guillotina (para cortar papel)

Discussion in 'Spanish-English Vocabulary / Vocabulario Español-Inglés' started by alafloit, Feb 17, 2006.

  1. alafloit Member

    catalan / galego - Spain
    Estoy interesado en saber cómo se dice en inglés "guillotina" refiriéndome a la herramienta de papelería que sirve para cortar papel. Buscándolo en el diccionario aparece "guillotine", pero no sé si en inglés también tiene el doble siginificado (a parte del curioso invento francés para cortar cabezas...).

    In spanish, "guillotina", as well as the french thing to cut heads, means a tool used to cut paper. Is the same in english?
  2. Ilmo

    Ilmo Member Emeritus

    Se llama "paper cutter" y como sinónimo se menciona "guillotine", así que usan palabras similares.
  3. SVLowe Member

    English, England
    Si, se utilizan los dos, 'guillotine' o 'paper cutter' en ingles y tienen los mismos sentidos como en espanol.
  4. GiggLiden

    GiggLiden Senior Member

    I've also heard - and used - "photo trimmer." In fact, the photo trimmers come in two styles - straight edge, and deckled edge, kind of a zig-zag cutter for special effect.
  5. eorduno Member

    Mexico, Spanish
    Buen día,

    También se le puede encontrar en algunos catálogos de artículos de oficina como "Trimming Board".

  6. Paul Clancy Senior Member

    Ireland, English
    "guillotine" is the word we would use in Ireland for a paper cutter
  7. fenixpollo

    fenixpollo moderator

    American English
    In the US, a guillotine is only for cutting off people's heads. A paper cutter is a large device -- usually a square board with a sharp-edged arm that is used like a machete on a hinge -- for cutting paper.

  8. SaritaSarang

    SaritaSarang Senior Member

    English - United States
    I agree completely. In the u.s, if you said guillotine, people would automatically think you wanted to cut some heads off.
  9. Paul Clancy Senior Member

    Ireland, English
    Just goes to show you how language use alters from one continent or country to another.
    In Ireland it would be perfectly acceptable to use the word "guillotine" and it has been used as such to refer to a paper cutter in many offices that I have been in. Perhaps the US have a problem with the word because of the "death penalty" ... in Ireland we do not put criminals to death and so nobody would think you wanted to behead anyone (not that I am saying the US beheads people ... but perhaps that is why there is a sensitivity to the use of a word that has well lost its meaning as a device to chop someone's head off ... at least in the EU
  10. fenixpollo

    fenixpollo moderator

    American English
    I doubt that it has anything to do with the death penalty. I think it's simply the fact that a guillotine is a specific device, and Americans don't connect that device with any others.

    When I hear the word "guillotine", I think of a large blade mounted between two poles that drops down on an object to cut it. If my paper cutter looked like that, then it would be logical to call them both the same name.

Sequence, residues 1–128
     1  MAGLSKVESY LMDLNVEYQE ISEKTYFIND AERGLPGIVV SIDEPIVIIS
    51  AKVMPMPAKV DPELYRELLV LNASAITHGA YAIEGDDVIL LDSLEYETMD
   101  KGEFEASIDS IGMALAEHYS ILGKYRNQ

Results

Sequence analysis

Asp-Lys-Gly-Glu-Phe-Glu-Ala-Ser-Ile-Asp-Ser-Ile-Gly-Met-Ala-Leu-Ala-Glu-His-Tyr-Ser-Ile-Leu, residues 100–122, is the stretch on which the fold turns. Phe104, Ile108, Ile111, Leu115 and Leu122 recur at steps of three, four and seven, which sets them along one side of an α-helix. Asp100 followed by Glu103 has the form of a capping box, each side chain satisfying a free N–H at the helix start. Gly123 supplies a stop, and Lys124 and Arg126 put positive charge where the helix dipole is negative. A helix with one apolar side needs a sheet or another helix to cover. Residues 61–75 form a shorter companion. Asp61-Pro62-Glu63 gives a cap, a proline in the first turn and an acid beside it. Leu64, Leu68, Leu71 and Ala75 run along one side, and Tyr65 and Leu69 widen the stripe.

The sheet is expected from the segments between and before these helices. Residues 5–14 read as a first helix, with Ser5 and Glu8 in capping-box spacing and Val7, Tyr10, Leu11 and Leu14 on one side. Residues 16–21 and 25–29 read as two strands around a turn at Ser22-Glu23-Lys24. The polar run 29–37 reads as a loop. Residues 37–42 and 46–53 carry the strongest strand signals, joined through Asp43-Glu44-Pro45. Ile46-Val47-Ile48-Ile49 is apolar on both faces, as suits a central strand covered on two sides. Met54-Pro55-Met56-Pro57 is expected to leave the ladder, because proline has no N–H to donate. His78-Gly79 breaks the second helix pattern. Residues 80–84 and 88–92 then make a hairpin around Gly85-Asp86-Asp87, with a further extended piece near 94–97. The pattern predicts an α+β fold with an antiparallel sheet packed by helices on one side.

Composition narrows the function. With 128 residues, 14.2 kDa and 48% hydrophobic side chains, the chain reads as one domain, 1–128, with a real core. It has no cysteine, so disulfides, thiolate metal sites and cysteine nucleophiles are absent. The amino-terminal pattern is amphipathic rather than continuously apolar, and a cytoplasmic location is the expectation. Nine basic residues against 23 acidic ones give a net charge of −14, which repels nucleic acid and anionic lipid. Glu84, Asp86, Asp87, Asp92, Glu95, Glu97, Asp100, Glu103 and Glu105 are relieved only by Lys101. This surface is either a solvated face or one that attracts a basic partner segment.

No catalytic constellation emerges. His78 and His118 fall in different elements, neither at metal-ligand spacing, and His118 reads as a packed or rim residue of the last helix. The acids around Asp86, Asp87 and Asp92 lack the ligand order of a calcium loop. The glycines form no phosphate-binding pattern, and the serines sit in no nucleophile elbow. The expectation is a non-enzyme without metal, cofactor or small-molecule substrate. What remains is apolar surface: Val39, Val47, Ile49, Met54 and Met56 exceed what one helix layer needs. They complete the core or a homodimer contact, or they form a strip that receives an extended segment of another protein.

11. Paul Clancy Senior Member

    Ireland, English
    Of course it doesn't have anything to do with the death penalty ... I said it in jest ... if the Americans have such a problem with the word ... they need to lighten up!! I don't know what the whole fuss is about
    guillotine is a word given to a paper cutter ... it has nothing to do with guillotine for beheading someone ... an horrendous practice that went out with the high bikes.
    A guillotine looks somewhat like a very large wooden chopping board, with a metal ruler measurement on one side to which a large knife/cutting device is attached. The paper is placed on the board, in line with the ruler and the large handled knife is brought down on the page to cut the paper. Its no big deal.
    In an office environment NOBODY would understand guillotine to refer to anything OTHER THAN A PAPER CUTTER but it would not be given the name PAPER CUTTER ... it would be given its proper name "gillotine"
  12. fenixpollo

    fenixpollo moderator

    American English
    Where did you see a fuss being made? You stated a theory about why you think Americans don't use "guillotine" for "paper cutter", and simply I said I disagreed. Nothing in my words indicated distress, anger or impatience, and I said nothing to suggest that I might have a problem at all with the word "guillotine", the death penalty, or my countrymen's lust for gore. :rolleyes:

    Chill out, dude. :D
  13. SaritaSarang

    SaritaSarang Senior Member

    English - United States
    We understand that it has nothing to do with beheading people, but in the U.S that is not the word used for paper cutter, its used for only the device used to cut off heads, thats just the way it is, it has nothing to do with death penalties or us being uptight or whatever, its just how the word is used. No one has a problem with the word either. Show some respect for other countries use of language.
  14. Soy Yo Senior Member

    EEUU - inglés
    Okie dokie!

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